The cerebellum is divided into multiple parasagittally organized modules, which are thought to represent functional entities. How individual modules participate in cerebellar control of complex movements such as locomotion remains largely unknown. To a large extent, this is caused by the inability to study the contribution of individual modules during locomotion. Because of the architecture of modules, based on narrow, elongated cortical strips that may be discontinuous in the rostrocaudal direction, lesion of a complete module, without affecting neighboring modules, has not been possible. Here, we report on a new method for inducing a selective dysfunction of spatially separated parts of a single module using a small cortical injection of a retrogradely transported neurotoxin, cholera toxin b-subunit-saporin. We show that such a local injection into the C1 module results in climbing fiber and partial mossy fiber deafferentation of functionally related areas of this module, thereby resulting in a severe impairment of the whole module without affecting neighboring modules. A subsequent functional analysis indicates that such an impairment of the hindlimb part of the C1 module did not have a significant impact on skilled walking or overall stepping pattern. However, the modulation of cutaneously induced reflexes during stepping was severely diminished. We propose that the C1 module is specifically involved in the adaptive control of reflexes. Copyright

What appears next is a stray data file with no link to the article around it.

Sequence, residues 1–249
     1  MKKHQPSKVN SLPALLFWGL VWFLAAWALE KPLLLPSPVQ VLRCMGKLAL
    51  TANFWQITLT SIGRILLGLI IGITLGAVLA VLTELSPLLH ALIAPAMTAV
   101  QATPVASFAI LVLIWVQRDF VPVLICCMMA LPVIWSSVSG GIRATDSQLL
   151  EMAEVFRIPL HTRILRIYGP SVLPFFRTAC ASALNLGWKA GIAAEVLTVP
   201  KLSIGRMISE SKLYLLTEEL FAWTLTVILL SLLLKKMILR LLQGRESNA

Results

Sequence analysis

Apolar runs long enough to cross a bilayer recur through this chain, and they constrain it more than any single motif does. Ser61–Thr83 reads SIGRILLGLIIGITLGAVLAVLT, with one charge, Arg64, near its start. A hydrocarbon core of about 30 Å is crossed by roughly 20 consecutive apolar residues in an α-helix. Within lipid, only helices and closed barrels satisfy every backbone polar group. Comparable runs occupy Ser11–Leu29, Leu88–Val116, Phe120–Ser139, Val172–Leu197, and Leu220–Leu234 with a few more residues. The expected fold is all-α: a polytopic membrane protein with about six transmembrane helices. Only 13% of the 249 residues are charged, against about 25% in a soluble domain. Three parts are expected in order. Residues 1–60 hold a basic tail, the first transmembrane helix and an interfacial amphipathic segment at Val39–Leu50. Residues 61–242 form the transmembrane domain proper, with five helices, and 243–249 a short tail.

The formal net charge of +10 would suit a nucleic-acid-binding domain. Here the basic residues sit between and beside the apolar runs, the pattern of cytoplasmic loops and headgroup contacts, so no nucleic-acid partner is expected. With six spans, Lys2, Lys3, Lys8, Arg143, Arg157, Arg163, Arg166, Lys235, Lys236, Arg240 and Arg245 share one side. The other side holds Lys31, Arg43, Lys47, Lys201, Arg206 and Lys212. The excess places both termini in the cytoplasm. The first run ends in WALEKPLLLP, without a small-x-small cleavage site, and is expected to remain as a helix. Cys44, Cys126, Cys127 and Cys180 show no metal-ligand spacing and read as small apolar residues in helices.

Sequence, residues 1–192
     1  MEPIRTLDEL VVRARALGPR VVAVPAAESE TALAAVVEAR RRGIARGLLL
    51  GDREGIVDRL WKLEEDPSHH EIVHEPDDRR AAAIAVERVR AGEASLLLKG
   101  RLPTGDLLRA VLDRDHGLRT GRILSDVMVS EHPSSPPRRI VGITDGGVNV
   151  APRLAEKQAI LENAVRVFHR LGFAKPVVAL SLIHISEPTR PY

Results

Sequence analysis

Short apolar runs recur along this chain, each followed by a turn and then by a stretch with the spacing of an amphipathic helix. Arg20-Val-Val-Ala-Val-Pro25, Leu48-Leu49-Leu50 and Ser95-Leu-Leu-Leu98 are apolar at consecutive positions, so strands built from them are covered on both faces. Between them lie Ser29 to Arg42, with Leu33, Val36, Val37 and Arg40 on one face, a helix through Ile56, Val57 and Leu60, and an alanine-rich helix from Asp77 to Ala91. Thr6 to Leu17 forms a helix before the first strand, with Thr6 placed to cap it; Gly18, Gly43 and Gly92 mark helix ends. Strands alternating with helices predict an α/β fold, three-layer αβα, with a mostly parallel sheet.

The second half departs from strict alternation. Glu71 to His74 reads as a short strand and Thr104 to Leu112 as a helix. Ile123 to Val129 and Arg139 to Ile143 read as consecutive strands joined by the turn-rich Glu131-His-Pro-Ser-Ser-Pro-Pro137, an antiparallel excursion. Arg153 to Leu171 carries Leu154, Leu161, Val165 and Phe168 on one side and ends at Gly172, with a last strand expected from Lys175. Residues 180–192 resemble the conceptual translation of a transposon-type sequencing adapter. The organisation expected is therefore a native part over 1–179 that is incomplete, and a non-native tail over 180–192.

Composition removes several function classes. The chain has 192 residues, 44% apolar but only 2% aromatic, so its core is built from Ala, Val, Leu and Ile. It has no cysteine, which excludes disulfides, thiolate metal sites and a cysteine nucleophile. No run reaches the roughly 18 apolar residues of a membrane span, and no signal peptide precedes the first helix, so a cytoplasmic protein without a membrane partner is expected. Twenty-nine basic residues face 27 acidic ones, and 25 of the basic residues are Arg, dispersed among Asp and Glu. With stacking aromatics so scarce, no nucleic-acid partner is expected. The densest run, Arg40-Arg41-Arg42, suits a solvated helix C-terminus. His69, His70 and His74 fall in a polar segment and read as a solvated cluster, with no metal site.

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The Journal of Neuroscience
Erasmus MC: University Medical Center Rotterdam

Pijpers, A., Winkelman, B., Bronsing, R., & Ruigrok, T. (2008). Selective impairment of the cerebellar C1 module involved in rat hind limb control reduces step-dependent modulation of cutaneous reflexes. The Journal of Neuroscience, 28(9), 2179–2189. doi:10.1523/JNEUROSCI.4668-07.2008